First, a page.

Thank You

On a personal note, from the entire Go team, we want to sincerely thank all of you. We feel privileged to be able to work on the Go project and are grateful to the many gophers around the world who have joined us.

We are especially thankful for the thousands of volunteers who help through mentorship, organizing, contributing, and supporting your fellow gophers. You have made Go what it is today.

By Steve Francia

Participate in the 2018 Go User Survey

8 November 2018

The Go project wants to hear from you, the Go community!

In 2017 & 2016, thousands of you helped the project by lending your voice via the Go user survey. In October, hundreds of companies helped us understand how enterprises are using Go by taking the Go company questionnaire. These surveys and questionnaires have played an enormous role in driving changes to our language and community, from our new code of conduct, to our latest release Go 1.11.

Today we are conducting the 2018 Go user survey. We’d like to hear from all Go users in order to help us to create the best programming language that fits the needs and desires of the people closest to it. Please help us shape the future of Go by participating in the 15-minute 2018 Go user survey by November 30th: Go User Survey 2018.

This survey is confidential and anonymous. For more information, please refer to Google’s privacy policy here.

Spread the word!

We need as many Gophers as possible to participate in this survey to help us better understand our global user base. We’d be grateful if you would spread the word by sharing this post on your social network feeds, around the office, at meetups, and in other communities.

By Ran Tao, Steve Francia

Announcing App Engine’s New Go 1.11 Runtime

16 October 2018

App Engine launched experimental support for Go in 2011. In the subsequent years, the Go community has grown significantly and has settled on idiomatic patterns for cloud-based applications. Today, Google Cloud is announcing a new Go 1.11 runtime for the App Engine standard environment that provides all the power of App Engine—things like paying only for what you use, automatic scaling, and managed infrastructure—while supporting idiomatic Go.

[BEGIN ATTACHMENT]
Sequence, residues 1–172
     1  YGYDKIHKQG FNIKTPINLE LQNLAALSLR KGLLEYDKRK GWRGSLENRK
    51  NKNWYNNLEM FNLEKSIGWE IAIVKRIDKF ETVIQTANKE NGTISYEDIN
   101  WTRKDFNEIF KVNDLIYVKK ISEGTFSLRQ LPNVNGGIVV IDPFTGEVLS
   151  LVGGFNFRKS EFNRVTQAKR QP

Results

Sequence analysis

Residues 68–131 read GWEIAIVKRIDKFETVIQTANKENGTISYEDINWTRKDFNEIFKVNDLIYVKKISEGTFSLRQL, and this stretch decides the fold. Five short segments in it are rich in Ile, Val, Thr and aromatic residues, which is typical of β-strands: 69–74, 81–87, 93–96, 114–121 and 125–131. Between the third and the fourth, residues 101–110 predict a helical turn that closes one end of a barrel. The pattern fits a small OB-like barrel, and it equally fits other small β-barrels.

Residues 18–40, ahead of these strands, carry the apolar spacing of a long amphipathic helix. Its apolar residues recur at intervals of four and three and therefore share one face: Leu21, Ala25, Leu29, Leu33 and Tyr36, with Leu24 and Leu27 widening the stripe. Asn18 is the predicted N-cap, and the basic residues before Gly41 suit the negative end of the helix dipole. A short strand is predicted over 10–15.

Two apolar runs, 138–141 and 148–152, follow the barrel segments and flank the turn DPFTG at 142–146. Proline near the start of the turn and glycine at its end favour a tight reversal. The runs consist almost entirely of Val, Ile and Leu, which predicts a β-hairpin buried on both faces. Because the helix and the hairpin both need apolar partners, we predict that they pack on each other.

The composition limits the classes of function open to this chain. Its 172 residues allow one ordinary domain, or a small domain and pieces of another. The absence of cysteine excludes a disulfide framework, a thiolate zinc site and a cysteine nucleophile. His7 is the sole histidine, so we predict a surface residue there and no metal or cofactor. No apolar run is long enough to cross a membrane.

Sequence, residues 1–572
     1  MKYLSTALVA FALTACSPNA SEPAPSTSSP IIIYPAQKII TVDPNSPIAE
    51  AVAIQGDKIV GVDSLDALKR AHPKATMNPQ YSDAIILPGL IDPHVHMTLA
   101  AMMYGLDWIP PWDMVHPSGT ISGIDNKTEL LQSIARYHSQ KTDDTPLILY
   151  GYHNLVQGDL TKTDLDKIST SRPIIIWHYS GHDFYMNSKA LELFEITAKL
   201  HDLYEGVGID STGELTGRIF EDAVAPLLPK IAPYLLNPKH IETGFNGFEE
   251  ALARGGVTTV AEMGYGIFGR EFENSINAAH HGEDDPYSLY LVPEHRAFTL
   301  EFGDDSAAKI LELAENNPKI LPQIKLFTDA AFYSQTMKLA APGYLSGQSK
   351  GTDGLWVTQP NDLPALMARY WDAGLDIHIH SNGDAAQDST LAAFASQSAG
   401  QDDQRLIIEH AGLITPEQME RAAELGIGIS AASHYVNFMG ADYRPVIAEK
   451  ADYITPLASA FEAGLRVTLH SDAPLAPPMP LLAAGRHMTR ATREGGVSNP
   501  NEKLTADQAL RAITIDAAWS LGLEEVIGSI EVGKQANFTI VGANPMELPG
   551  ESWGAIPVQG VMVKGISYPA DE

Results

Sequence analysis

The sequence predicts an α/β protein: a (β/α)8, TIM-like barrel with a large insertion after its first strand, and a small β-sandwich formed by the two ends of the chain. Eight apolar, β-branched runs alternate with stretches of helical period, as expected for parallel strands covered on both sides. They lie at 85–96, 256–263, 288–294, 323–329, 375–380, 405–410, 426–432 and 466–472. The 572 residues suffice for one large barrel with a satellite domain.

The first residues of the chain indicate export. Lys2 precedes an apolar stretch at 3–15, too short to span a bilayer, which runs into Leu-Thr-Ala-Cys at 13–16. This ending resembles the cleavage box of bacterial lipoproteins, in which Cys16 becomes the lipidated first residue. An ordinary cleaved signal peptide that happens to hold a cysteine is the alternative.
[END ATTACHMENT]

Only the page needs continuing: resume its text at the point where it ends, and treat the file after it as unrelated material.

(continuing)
Starting with Go 1.11, Go on App Engine has no limits on application structure, supported packages, context.Context values, or HTTP clients. Write your Go application however you prefer, add an app.yaml file, and your app is ready to deploy on App Engine. Specifying Dependencies describes how the new runtime supports vendoring and modules (experimental) for dependency management.

Along with Cloud Functions support for Go (more on that in a future post), App Engine provides a compelling way to run Go code on Google Cloud Platform (GCP) with no concern for the underlying infrastructure.

Let’s take a look at creating a small application for App Engine. For the example here, we assume a GOPATH-based workflow, although Go modules have experimental support as well.

First, you create the application in your GOPATH:

// This server can run on App Engine.
package main

import (
    "fmt"
    "log"
    "net/http"
    "os"
)

func main() {
    port := os.Getenv("PORT")
    if port == "" {
        port = "8080"
    }
    http.HandleFunc("/", hello)

    log.Fatal(http.ListenAndServe(fmt.Sprintf(":%s", port), nil))
}

func hello(w http.ResponseWriter, r *http.Request) {
    w.Write([]byte("Hello, 世界"))
}

The code contains an idiomatic setup for a small HTTP server that responds with “Hello, 世界.” If you have previous App Engine experience, you’ll notice the absence of any call to appengine.Main(), which is now entirely optional. Furthermore, the application code is completely portable—there are no ties to the infrastructure that your application is deployed on.

If you need to use external dependencies, you can add those dependencies to a vendor directory or to a go.mod file, both of which the new runtime supports.

With the application code complete, create an app.yaml file to specify the runtime:

runtime: go111

Finally, set your machine up with a Google Cloud Platform account:

With all the setup complete, you can deploy using one command:

gcloud app deploy

We think Go developers will find the new Go 1.11 runtime for App Engine an exciting addition to the available options to run Go applications. There is a free tier. Check out the getting started guide or the migration guide and deploy an app to the new runtime today!

By Eno Compton and Tyler Bui-Palsulich

See the index for more articles.